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An article by Philip Wolitzer and Robert Wolitzer entitled "Tax Strategies After the Revenue Reconciliation Act of 1993," which appeared in the June 1994 issue of The CPA Journal said that a way to convert short-term capital gains into long-term capital gains is with put options. The article went on to suggest that if an investor had a profit in a stock investment but the holding period was less than 12 months, the investor could protect against a market decline by purchasing a put, but that the holding period for the investment would continue uninterrupted.

As noted in an article appearing in Barron's on March 11, 1996, by attorney Joseph F. Gelband, IRC section 1233 (b) says that the purchase of a put option is treated as a short sale, which would trigger the wash sale rules. Those rules say that the holding period during the period when there is no risk of loss with regard to the investment is excluded. Mr. Gelband in his Barron's article went on to say that the holding period of the securities protected by the put starts over at the exercise or expiration of the put.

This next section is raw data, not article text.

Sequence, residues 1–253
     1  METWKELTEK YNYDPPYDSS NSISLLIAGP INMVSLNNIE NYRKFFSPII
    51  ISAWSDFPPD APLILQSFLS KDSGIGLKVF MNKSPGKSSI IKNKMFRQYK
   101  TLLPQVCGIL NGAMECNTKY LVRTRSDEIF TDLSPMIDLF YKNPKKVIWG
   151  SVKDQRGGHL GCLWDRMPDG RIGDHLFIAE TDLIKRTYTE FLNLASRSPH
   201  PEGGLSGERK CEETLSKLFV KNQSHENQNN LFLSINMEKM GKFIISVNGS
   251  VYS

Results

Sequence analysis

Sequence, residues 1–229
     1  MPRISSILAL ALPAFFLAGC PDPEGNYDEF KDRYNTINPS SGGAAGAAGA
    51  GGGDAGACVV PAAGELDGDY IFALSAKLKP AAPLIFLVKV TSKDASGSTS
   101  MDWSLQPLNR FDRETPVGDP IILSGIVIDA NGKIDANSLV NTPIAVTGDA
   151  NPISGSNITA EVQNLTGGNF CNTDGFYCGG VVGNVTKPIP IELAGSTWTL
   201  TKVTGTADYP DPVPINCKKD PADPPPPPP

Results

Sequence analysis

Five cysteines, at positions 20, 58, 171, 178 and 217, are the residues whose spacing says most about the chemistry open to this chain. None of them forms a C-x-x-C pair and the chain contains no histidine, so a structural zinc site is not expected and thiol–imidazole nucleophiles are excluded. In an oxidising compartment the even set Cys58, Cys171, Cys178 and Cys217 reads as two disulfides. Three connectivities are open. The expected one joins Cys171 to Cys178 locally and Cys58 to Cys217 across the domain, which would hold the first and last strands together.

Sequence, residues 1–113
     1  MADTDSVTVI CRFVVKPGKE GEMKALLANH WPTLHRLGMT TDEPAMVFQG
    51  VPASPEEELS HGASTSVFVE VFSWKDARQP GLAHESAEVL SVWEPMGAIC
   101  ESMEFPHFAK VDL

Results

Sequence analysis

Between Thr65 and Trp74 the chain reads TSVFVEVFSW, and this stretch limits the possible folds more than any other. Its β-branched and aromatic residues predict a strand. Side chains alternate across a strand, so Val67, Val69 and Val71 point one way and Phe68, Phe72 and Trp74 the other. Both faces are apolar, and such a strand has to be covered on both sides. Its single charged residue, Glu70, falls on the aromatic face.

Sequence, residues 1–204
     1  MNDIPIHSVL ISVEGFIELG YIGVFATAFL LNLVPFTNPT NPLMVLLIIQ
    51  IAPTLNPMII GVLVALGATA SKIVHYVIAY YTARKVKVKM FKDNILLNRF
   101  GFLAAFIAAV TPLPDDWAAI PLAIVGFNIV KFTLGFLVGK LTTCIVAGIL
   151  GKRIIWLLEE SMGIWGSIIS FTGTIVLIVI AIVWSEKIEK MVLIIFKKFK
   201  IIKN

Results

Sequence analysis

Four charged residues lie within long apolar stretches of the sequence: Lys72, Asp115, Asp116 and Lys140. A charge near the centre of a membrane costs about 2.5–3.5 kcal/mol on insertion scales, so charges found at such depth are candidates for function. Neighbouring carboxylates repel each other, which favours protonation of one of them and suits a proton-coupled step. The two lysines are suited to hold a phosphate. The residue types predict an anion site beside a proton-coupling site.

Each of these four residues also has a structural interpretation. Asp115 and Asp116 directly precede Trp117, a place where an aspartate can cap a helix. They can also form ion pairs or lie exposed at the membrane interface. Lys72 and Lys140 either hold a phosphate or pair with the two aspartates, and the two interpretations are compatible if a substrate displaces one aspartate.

The rules relating to short sales, wash sales, substantially equivalent securities, and stock options are complex. Readers are advised to consult with experienced professionals when planning or encountering such transactions. *

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